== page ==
You may not associate memory loss with mold exposure, but perhaps you should. When most people hear about health problems related to exposure to mold in the home, they think of things like respiratory problems, asthma and allergies. Those are common symptoms of mold-related illness, but exposure to mold can cause other problems, as well. You can read about some of the common mold-related health problems.
There have been only a few studies done on the subject of mold and memory to date, but the research does show that exposure to mold can have a negative effect on memory, particularly short-term memory. It may cause other neurological impairments, as well, including problems with concentration, judgment and executive functioning (the ability to plan, organize, and manage your time). Here we’re going to talk specifically about memory, but you can read more about the effect of mold on concentration.
A psychologist from City University of New York named Cheryl Harding studied the effect of mold exposure on mice, particularly the effect on their memory. She and her colleagues put low doses of Stachybotrys mold spores (the type of mold sometimes referred to as black mold or toxic mold) directly into the noses of mice three times a week. After just three weeks, the researchers could see that the mice were having trouble with short-term memory. They had trouble remembering a frightening place. They also seemed increasingly anxious.
According to an article in Science News, when compared to mice in a control group that hadn’t been exposed to mold, they had fewer new brain cells in the hippocampus, a part of the brain related to memory.
It’s noteworthy that the mice experienced problems with memory after being exposed to mold for just three weeks. We don’t know what effect longer periods of exposure to mold might have on memory, but it’s certainly possible the effect would be even greater.
Of course, mice aren’t people, but people living in homes with lots of mold often do complain of memory problems and other cognitive problems, and the brains of mice are similar to those of humans, which is why mice are often used in medical experiments. Research suggests mold may affect humans in similar ways.
Everyone has moments of forgetfulness, but if you feel your memory is slipping or you are forgetting more than normal, see your doctor. Don’t ignore the development of memory problems because it can be a symptom of a serious medical condition. Let your doctor know if you’ve been exposed to mold and if you’re experiencing any other symptoms.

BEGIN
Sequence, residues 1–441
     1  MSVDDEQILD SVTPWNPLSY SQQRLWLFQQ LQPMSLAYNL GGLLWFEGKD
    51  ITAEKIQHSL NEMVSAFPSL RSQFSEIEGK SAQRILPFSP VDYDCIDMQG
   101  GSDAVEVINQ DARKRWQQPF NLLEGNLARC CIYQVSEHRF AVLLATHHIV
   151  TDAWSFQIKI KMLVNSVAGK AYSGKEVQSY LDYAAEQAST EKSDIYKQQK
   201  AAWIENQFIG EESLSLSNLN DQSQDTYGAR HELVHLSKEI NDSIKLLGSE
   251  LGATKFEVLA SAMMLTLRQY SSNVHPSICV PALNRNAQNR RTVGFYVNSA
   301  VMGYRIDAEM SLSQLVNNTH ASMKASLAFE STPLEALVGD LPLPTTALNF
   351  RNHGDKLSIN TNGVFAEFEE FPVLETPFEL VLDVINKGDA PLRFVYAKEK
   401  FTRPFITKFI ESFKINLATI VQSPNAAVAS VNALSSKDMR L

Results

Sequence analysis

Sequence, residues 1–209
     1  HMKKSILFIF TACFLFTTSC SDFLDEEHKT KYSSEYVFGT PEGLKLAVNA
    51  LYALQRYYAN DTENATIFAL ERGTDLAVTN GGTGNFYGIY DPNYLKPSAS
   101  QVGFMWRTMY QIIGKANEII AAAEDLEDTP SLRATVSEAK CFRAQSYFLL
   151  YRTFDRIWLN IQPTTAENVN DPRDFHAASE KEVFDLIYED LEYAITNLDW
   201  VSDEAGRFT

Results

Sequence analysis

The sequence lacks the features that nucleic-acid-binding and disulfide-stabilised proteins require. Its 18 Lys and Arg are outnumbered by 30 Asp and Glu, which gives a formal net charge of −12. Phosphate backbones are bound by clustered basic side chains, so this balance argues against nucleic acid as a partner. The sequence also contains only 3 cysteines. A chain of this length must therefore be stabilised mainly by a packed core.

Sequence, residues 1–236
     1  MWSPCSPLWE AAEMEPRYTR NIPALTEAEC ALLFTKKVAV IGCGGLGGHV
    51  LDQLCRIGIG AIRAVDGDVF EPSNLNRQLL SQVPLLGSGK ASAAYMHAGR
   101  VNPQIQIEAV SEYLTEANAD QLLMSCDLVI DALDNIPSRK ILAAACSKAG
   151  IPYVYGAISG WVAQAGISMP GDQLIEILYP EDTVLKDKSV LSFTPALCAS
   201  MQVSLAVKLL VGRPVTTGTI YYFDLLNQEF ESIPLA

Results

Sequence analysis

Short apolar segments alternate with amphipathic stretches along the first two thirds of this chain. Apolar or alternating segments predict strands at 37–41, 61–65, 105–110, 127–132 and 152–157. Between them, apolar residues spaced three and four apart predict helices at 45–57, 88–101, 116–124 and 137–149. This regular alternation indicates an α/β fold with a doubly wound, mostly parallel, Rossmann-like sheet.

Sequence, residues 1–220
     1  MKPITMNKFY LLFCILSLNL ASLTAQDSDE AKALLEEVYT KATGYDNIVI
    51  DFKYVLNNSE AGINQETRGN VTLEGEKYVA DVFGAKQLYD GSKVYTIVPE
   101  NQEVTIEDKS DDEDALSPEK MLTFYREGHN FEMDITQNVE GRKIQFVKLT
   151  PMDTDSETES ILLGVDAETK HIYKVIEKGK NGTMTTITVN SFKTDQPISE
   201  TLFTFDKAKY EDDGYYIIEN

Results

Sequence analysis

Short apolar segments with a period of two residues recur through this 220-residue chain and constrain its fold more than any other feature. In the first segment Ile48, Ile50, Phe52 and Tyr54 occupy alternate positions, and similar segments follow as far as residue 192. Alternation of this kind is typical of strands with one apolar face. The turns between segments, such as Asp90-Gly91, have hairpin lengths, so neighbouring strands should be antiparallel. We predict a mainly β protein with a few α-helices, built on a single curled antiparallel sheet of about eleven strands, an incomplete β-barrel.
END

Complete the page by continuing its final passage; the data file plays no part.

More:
Your doctor will do a thorough examination and may also order some tests in order to make an accurate diagnosis. Lots of things other than mold can cause memory loss, including stroke, head injury, Alzheimer’s disease and other forms of dementia, depression, stress, sleep deprivation, nutritional deficiencies, use or abuse of alcohol or drugs, and certain medications. Therefore it may take a little time for your doctor to determine the cause of your memory problems.
Treatment will be prescribed based on the results of your exam and any tests you have undergone. In addition to prescribing the appropriate medical treatment, your doctor will most likely advise you to avoid further exposure to mold as much as you can.
In order to recover from mold-related memory problems, as well as any other mold-related health problems, you’ll need to avoid exposure to mold. Otherwise, even with medical treatment, your symptoms may worsen.
Mold will need to be removed from your home as soon as you can make arrangements for the work to be done. If you’re already experiencing health problems related to mold, your doctor may recommend not attempting to clean up mold yourself because the cleanup process will expose you to mold spores that may make your condition worse.
We suggest scheduling a free in-home consultation with a mold removal professional to discuss the work that needs to be done in your home. Even if you decide to tackle the mold removal yourself, you’ll get some valuable advice from an experienced professional, including tips on how to protect yourself from excessive exposure to mold spores during the cleanup process. We do recommend consulting your physician as well, of course. Follow this link to find qualified mold removal professionals offering free in-home consultations in your area.